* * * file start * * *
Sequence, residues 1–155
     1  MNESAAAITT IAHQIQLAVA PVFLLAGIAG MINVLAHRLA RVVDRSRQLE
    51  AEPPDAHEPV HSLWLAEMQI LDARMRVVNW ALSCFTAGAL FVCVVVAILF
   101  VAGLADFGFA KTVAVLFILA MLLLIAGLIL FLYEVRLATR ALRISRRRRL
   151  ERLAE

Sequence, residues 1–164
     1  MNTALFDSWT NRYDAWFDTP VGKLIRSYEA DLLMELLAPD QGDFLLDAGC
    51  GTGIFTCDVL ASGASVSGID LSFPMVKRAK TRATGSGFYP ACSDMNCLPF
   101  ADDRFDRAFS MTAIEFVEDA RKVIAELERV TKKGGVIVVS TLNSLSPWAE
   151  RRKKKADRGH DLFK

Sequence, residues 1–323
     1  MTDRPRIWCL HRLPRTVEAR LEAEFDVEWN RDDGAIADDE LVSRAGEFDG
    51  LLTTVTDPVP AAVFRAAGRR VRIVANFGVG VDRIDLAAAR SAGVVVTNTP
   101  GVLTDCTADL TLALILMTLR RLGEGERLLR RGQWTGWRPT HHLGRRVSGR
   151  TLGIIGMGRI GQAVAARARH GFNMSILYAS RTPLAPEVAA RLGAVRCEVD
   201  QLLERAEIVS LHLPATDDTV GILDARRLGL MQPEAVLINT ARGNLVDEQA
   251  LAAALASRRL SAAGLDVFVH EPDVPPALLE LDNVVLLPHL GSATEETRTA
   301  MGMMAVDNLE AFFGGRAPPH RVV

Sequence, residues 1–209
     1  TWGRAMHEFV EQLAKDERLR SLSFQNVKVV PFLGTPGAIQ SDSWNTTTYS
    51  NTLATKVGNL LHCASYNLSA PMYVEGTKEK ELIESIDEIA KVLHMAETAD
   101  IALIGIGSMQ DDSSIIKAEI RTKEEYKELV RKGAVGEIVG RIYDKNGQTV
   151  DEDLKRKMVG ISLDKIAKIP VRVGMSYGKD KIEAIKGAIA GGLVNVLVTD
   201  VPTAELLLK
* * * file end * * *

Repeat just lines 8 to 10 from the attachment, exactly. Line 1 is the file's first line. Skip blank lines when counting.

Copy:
    51  GTGIFTCDVL ASGASVSGID LSFPMVKRAK TRATGSGFYP ACSDMNCLPF
   101  ADDRFDRAFS MTAIEFVEDA RKVIAELERV TKKGGVIVVS TLNSLSPWAE
   151  RRKKKADRGH DLFK